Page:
that his deed was inflicted on him rather than committed

time:2023-12-02 04:22:06 source:Yun Wen Yun Wu Network author:bird

All nests, whether of birds or insects, are particularly interesting, as they explain the domestic habits of the occupants; but, however wonderful the arrangement and the beauty of the work as exhibited among birds, bees, wasps, etc., still it is the simple effect of instinct on the principle that they never vary.

that his deed was inflicted on him rather than committed

The white ant - that grand destroyer of all timber - always works under cover; he builds as he progresses in his work of destruction, and runs a long gallery of fine clay in the direction of his operations; beneath this his devastation proceeds until he has penetrated to the interior of the beam, the centre of which he entirely demolishes, leaving a thin shell in the form of the original log encrusted over the exterior with numerous galleries.

that his deed was inflicted on him rather than committed

There is less interest in the habits of these destructive wretches than in all other of the ant tribe; they build stupendous nests, it is true, but their interior economy is less active and thrifty than that of many other species of ants, among which there is a greater appearance of the display of reasoning powers than in most animals of a superior class.

that his deed was inflicted on him rather than committed

On a fine sunny morning it is not uncommon, to see ants busily engaged in bringing out all the eggs from the nest and laying them in the sun until they become thoroughly warmed, after which they carry them all back again and lay them in their respective places. This looks very like a power of reasoning, as it is decidedly beyond instinct. If they were to carry out the eggs every morning, wet or dry, it would be an effort of instinct to the detriment of the eggs; but as the weather is uncertain, it is an effort of reason on the part of the ants to bring out the eggs to the sun, especially as it is not an every-day occurrence, even in fine weather.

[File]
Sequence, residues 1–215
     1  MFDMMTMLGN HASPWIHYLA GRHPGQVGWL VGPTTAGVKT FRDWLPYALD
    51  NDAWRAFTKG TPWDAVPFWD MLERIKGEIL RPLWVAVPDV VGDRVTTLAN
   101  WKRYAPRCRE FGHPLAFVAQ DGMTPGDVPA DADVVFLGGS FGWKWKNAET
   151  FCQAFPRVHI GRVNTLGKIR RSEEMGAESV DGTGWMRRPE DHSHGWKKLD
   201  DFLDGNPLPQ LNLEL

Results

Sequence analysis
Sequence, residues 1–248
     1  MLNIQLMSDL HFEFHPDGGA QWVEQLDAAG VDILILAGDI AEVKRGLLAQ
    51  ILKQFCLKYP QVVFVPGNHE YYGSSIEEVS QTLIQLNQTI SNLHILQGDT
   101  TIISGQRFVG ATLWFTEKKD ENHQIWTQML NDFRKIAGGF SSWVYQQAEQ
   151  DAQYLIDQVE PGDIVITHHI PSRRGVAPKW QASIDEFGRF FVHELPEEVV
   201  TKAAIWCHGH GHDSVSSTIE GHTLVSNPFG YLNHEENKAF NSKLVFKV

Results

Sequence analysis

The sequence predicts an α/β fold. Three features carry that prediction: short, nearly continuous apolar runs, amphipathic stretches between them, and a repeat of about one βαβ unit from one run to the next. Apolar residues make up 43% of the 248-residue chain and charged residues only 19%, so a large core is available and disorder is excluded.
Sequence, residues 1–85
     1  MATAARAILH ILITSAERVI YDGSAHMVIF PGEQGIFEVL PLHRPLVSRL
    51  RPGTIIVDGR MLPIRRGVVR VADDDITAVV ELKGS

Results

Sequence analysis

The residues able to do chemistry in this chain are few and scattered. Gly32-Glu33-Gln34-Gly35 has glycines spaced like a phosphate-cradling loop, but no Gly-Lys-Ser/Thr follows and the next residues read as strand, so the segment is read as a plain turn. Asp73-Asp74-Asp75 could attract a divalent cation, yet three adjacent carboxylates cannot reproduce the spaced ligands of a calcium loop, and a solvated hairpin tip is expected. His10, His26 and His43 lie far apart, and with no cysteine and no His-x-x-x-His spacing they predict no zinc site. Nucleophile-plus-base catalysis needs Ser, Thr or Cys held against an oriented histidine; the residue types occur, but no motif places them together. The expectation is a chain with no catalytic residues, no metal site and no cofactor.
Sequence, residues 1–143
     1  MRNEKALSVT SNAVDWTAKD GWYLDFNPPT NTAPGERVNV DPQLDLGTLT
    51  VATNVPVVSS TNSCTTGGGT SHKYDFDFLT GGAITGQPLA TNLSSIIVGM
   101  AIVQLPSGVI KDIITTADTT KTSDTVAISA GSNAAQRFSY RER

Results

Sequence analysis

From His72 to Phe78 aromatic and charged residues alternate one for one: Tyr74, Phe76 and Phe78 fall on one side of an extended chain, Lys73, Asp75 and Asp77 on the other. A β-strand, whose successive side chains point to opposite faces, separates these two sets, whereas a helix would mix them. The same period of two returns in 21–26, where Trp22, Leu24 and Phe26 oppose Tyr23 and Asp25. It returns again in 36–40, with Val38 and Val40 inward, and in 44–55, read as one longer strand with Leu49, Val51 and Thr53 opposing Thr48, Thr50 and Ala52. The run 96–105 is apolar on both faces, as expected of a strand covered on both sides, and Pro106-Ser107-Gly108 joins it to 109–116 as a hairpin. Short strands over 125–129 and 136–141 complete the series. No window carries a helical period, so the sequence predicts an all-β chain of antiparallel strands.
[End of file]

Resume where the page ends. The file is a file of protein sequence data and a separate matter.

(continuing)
In Mauritius, the negroes have a custom of turning the reasoning powers of the large black ant to advantage.

White ants are frequently seen passing in and out of a small hole from underneath a building, in which case their ravages could only be prevented by taking up the flooring and destroying the nest.

The negroes avoid this by their knowledge of the habits of the black ant, who is a sworn enemy to the white.

They accordingly pour a little treacle on the ground within a yard of the hole occupied by the white ants. The smell of the treacle shortly attracts some of the black species, who, on their arrival are not long in observing their old enemies passing in and out of the hole. Some of them leave the treacle; these are evidently messengers, as in the course of the day a whole army of black ants will be seen advancing, in a narrow line of many yards in length, to storm the stronghold of the white ants. They enter the hole, and they destroy every white ant in the building. Resistance there can be none, as the plethoric, slow-going white ant is as a mouse to a cat in the encounter with his active enemy, added to which the black ant is furnished with a most venomous sting, in addition to a powerful pair of mandibles. I have seen the black ants returning from their work of destruction, each carrying a slaughtered white ant in his mouth, which he devours at leisure. This is again a decided effort of reason, as the black ant arrives at the treacle without a thought of the white ant in his mind, but, upon seeing his antagonist, he despatches messengers for reinforcements, who eventually bring up the army to the "rendezvous."


recommended content